Frequently asked patient rights questions answered
There is arguably no time a patient feels more vulnerable than when they are feeling ill, facing surgery or dealing with a difficult diagnosis. These are a few commonly asked patient questions.
Q: What does hospital billing cover?
A: When a patient receives a bill after a hospital stay, it’s usually only for the time spent in hospital. All of the following specialists will bill separately:
- pathologists (laboratories)
Q: What is value-based care?
A: Instead of being billed separately by a number of different specialists, for example if the patient has a joint replacement, payment is bundled. This results in improved patient care and clinical outcomes, and is more cost-effective.
Q: What is infection prevention in a hospital setting?
A: The easiest and most effective method of preventing the transfer of bacteria that everyone can practise in healthcare settings is appropriate hand hygiene. All healthcare workers, patients and hospital visitors should adhere to the highest standards of hand hygiene.
During the ongoing COVID-19 pandemic, respiratory and hand hygiene, as well as social distancing have been prioritised to ensure patient safety. Hand hygiene is the cornerstone of infection prevention and patient safety, and while this is vital in our healthcare facilities, it is equally important at home, work and in the community. Hygiene measures are all-important yet often undervalued.
Q: Will I be tested for COVID-19 if I am admitted to a hospital?
A: If a person is admitted to a Life Healthcare hospital, they will be tested for COVID-19 and will be a patient under investigation (PUI) until their test comes back negative. The patient will then be transferred to a ward where treatment and care will continue.
Q: How can I be more involved in my care and treatment?
A: It is important to participate in your own care. Doctors, nurses and any allied professionals (physiotherapists or occupational therapists) welcome your involvement because it can result in better clinical outcomes and recovery. Here are a few tips:
- Take part in all decisions and discussions about your treatment.
- If you have advanced directives like a living will, make sure your doctor has a copy.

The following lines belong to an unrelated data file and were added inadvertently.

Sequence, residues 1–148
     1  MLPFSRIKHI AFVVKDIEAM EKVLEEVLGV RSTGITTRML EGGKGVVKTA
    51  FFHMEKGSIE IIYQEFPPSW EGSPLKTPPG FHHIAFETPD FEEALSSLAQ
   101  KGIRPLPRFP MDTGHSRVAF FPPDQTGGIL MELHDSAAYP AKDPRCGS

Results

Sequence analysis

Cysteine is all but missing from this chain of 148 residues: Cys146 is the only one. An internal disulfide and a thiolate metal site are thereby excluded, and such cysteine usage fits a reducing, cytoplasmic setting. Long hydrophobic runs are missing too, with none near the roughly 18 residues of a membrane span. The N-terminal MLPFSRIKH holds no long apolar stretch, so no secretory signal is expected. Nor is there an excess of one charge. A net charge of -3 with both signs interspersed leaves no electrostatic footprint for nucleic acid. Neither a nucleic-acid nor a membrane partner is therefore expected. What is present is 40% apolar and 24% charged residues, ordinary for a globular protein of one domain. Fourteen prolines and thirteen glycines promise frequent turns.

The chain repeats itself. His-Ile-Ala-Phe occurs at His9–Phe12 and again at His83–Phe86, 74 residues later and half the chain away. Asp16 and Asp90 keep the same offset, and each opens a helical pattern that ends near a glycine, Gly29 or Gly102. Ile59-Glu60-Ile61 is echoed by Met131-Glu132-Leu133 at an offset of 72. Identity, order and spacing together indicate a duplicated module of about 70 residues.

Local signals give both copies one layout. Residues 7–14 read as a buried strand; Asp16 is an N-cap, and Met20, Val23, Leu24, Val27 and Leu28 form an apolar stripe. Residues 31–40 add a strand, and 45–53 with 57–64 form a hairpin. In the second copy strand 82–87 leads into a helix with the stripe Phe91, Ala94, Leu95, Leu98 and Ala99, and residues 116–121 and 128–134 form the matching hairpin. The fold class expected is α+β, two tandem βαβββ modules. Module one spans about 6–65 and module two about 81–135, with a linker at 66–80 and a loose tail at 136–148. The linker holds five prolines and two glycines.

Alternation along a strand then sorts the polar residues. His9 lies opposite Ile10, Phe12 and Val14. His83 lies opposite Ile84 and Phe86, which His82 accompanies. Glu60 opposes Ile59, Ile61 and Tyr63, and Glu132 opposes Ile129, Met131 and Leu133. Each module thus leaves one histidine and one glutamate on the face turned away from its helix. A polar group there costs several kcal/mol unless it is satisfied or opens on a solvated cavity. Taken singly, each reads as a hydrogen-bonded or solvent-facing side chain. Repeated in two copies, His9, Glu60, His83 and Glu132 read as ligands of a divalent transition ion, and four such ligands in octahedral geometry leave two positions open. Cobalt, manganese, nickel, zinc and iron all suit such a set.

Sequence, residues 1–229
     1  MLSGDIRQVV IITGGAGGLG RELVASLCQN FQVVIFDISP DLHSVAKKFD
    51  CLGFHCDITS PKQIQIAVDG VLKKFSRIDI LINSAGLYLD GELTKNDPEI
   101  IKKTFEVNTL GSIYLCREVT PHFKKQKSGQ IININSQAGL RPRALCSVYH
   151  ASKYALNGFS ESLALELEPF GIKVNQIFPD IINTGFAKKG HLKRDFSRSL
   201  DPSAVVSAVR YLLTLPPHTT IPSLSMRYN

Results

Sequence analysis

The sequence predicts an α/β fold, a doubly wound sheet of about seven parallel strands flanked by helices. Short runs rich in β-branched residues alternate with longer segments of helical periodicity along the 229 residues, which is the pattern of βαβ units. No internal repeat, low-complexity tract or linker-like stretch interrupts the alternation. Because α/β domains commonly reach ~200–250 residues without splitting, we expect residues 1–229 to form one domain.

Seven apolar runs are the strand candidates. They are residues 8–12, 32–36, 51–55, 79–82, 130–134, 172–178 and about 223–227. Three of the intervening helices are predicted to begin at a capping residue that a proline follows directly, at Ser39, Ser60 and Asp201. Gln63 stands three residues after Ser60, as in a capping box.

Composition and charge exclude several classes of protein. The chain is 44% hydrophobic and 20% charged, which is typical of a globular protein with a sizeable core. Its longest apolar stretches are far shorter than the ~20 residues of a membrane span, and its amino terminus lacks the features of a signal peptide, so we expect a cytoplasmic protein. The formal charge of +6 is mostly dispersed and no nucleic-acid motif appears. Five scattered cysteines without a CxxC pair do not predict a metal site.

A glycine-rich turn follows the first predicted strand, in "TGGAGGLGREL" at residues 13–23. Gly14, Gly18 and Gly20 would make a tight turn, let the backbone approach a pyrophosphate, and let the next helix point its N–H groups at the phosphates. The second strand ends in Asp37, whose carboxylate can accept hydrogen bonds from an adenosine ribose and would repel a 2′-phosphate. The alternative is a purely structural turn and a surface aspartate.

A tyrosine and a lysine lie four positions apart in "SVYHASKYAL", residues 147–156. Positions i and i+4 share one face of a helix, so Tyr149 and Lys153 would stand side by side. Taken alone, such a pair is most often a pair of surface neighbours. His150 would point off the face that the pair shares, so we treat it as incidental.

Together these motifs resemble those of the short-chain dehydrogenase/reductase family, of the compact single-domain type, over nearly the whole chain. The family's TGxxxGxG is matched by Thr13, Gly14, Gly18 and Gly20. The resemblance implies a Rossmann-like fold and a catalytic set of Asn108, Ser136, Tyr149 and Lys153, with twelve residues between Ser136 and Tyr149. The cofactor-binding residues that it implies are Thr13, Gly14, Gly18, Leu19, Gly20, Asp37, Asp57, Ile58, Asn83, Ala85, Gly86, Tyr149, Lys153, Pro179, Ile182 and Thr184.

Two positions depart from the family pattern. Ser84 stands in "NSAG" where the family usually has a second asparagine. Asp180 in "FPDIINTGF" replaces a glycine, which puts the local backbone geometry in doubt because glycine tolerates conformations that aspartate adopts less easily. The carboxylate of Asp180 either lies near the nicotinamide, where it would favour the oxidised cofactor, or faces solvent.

- Be clear about any special needs or requirements that will make you feel more comfortable.
- If you have a friend or family member you trust, take them along to a visit and have them take notes so you can focus on being present in the discussion.
- Remember that the primary objective of your treatment team is to provide you with the most effective care.
Q: If I am admitted to a Life Mental Health facility, who will have access to my information?
A: All Life Healthcare patients are protected by the Protection of Personal Information Act (POPIA), and as such all the information in your patient file is confidential and may not be divulged to anyone outside of your treatment team without your permission.
If you require copies of your medical information, you will need to submit a written application to your psychiatrist or the nursing unit manager, as there are legal documents required.
It is important that a patient understands their rights and responsibilities and feels empowered to exercise them. Asking questions is integral to that process. Read more patient FAQs and if you have a question that has not been answered, please contact us through our Contact us page and we would be happy to assist.
The information is shared on condition that readers will make their own determination, including seeking advice from a healthcare professional. E&OE. Life Healthcare Group Ltd does not accept any responsibility for any loss or damage suffered by the reader as a result of the information provided.